It was now dark and nothing more could be done but wait for day. At 7 p.m. the gale which had taken off a little began to blow with increased violence; the seas sweeping over the ship but we hoped if the hatches would only hold to pull her through. At 8 p.m. after lurching over in a way which no words can describe, with one fearful and awful crash the main mast, main yard and lower top yard staggered for a moment and then disappeared over the side. Crawling forward over the wreckage to the foc’sule we endeavoured to get the men out believing that all was over, the report having been spread that the ship was settling down; only one man Matheson AB , came out. Fortunately the main mast had fallen with such a crash with such force that it had carried everything away with it with the exception of the stays and these were speedily cut; nothing further could be done but just to wait. At 2 a.m. the mizen mast went; the noise of the mast breaking and sweeping away the skylight sounded like a death knell; our last hope had disappeared. A few of us scrawled last messages, sealed them in bottles and flung them over the side and composed ourselves as best we might to await what now seemed to be the inevitable end.
But with its last fury the storm seemed to have done its worst and the ship, instead of foundering continued to float. Once more dawn began to break and not only dawn but the sun, the sun which we had not seen for three days and never thought to see again. I staggered to my feet and looked round; except for a man hanging sleepily over the wheel there was not a soul to be seen: all hands, worn out, had crawled into any corner they could find. So soon as I recovered from the stupefaction of finding myself alive I took stock of the situation: the foremast, fore yard and lower topsail yard were still standing. In flash I saw that if we could secure them we were saved. I dashed below, broached a case of brandy and having tossed off a tumbler scrambled aft and served out a generous ration to such of the crew and passengers who could be roused.
There is no more to tell for how we cleared the decks, secured the yards, set sails and navigated the ship 2,000 miles under a foresail and fore lower topsail, is it not written in the log book of the “Loch Garry”?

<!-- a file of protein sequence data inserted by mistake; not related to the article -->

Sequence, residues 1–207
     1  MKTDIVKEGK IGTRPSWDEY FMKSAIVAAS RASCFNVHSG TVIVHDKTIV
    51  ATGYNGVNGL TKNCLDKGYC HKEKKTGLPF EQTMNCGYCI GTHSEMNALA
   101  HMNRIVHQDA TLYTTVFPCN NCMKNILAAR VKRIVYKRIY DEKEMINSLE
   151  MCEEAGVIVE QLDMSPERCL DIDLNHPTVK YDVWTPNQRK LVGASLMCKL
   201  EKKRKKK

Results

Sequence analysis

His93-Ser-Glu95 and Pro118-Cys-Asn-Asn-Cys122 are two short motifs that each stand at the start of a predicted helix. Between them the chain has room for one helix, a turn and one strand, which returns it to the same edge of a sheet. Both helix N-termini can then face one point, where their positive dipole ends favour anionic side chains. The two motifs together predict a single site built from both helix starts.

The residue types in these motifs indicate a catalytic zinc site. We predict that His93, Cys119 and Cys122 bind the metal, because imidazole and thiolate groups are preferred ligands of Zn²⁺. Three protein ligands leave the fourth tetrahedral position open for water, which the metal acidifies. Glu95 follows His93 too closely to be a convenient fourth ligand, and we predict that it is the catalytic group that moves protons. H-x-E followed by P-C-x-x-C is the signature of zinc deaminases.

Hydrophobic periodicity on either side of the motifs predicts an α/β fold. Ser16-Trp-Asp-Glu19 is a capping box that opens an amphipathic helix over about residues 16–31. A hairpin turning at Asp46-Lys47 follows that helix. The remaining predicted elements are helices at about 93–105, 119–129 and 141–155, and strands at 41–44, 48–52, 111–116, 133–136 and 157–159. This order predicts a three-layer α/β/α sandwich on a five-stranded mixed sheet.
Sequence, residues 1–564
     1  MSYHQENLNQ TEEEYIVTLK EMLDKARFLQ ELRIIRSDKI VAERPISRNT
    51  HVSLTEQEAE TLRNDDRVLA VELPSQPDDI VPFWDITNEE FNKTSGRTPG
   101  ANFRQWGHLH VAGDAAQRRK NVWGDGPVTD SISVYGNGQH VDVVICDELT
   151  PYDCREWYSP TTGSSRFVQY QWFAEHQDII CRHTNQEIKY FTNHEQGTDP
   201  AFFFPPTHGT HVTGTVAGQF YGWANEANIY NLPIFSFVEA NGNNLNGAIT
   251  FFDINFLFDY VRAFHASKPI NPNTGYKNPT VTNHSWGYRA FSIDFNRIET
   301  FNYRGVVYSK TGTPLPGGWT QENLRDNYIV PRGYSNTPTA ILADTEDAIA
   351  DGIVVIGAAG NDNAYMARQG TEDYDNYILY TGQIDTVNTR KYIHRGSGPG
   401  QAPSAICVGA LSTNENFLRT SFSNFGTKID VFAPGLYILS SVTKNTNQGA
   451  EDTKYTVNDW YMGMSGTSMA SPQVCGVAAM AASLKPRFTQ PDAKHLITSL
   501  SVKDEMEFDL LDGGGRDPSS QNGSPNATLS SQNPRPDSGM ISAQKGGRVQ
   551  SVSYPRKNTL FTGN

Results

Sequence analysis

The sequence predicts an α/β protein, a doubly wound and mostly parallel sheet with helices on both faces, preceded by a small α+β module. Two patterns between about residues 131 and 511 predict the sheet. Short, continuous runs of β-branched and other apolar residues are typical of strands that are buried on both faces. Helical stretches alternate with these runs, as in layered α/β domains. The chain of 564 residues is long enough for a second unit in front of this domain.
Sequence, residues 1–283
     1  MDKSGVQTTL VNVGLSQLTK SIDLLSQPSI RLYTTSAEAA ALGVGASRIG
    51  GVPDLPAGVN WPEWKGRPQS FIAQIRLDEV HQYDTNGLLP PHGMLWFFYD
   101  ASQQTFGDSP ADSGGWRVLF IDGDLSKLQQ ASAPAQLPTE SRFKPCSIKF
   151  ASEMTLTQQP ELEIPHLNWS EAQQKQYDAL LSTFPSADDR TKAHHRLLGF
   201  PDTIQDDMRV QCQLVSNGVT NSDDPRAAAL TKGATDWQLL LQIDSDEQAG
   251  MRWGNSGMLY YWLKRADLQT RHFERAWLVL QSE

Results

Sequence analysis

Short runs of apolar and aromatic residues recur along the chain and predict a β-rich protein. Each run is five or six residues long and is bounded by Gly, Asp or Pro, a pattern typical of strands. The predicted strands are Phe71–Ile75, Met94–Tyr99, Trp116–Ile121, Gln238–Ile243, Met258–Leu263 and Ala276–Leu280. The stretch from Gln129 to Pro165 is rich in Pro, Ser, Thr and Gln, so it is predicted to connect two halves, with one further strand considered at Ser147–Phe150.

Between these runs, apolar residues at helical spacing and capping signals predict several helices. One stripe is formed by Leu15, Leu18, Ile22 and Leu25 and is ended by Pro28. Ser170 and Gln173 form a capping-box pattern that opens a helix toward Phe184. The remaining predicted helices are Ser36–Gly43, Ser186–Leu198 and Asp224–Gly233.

After thoughts – October 1934 - Forty-five years have passed since that eventful night and I have been asked to add a few words dealing with the subsequent events in connection with the disaster.
The whole of the events remain in my mentality as if they happened yesterday, some more prominent than others. One I have never forgotten was the mainmast swaying till it snapped about four feet from the deck and falling on the starboard rail, crushing it and the bulwark for some seventy feet level with the scuppers. My father, for the first and only time in his life, put his hand on my shoulder and kissed me, remarking “goodbye my lad”. Another vivid scene is making my way forward and seeing all the men sitting on their sea chests. They had shaved and put on their go-ashore clothes. It was a practice amongst British sailors in those days, if time permitted and all hope had been abandoned to clean themselves and attire themselves in their best clothes. They held the impression that they owed it to God to enter his presence as clean and tidy as possible. There they sat holding on the bunk boards or any handy part of the vessel’s structure as the vessel lurched – lurched so violently that the boats davits slid from their sockets to the deck. The slush lamps swing with the send of the ship – dimly lighting their bronzed features.
And there was the breaking of that dawn – a multitude of birds sweeping over the vessel where masts and rigging had stood one hundred and fifty feet from the deck a few hours previously.
Again, the women. Two days after the dismasting the wind began to freshen and in the absence of bulwarks the seas began to roll on board. The captain decided to lighten ship. The crew were busy with jury masts etc.,. In the square of the main hatch was twenty tons of blasting powder; it was better over the side. The frightful rolling of the vessel now all the top hamper had gone might induce friction among the kegs. So a deputation of women fought their way to the poop and asked the captain to be allowed to jettison it. He consented. A line was found, a clove hitch passed around the waists of the volunteers and with the seas breaking over them through one corner of the main hatch, keg by keg was slid through the battered side till all was gone.
The “Garry” sailed some 2600 miles to Mauritius ; her best run under jury rig was 220 miles. She arrived safely and without incident. The passengers were transferred to a sailing vessel which landed them at Melbourne . No one was hurt and all maintained their health. Eventually a complete outfit was sent out from Glasgow . The vessel was re-rigged and she resumed her normal occupation.
The cause of the accident was the long wooden jiboom. All ships built subsequently to this experience were fitted with stump steel bowsprits.
The ship had no subsequent adventures and was sold in 1911 to be broken up. Her captain of 26 years, Captain James Horne (senior) came ashore at the same time after 62 years at sea (47 years in command). He felt his work was completed and died a few months later.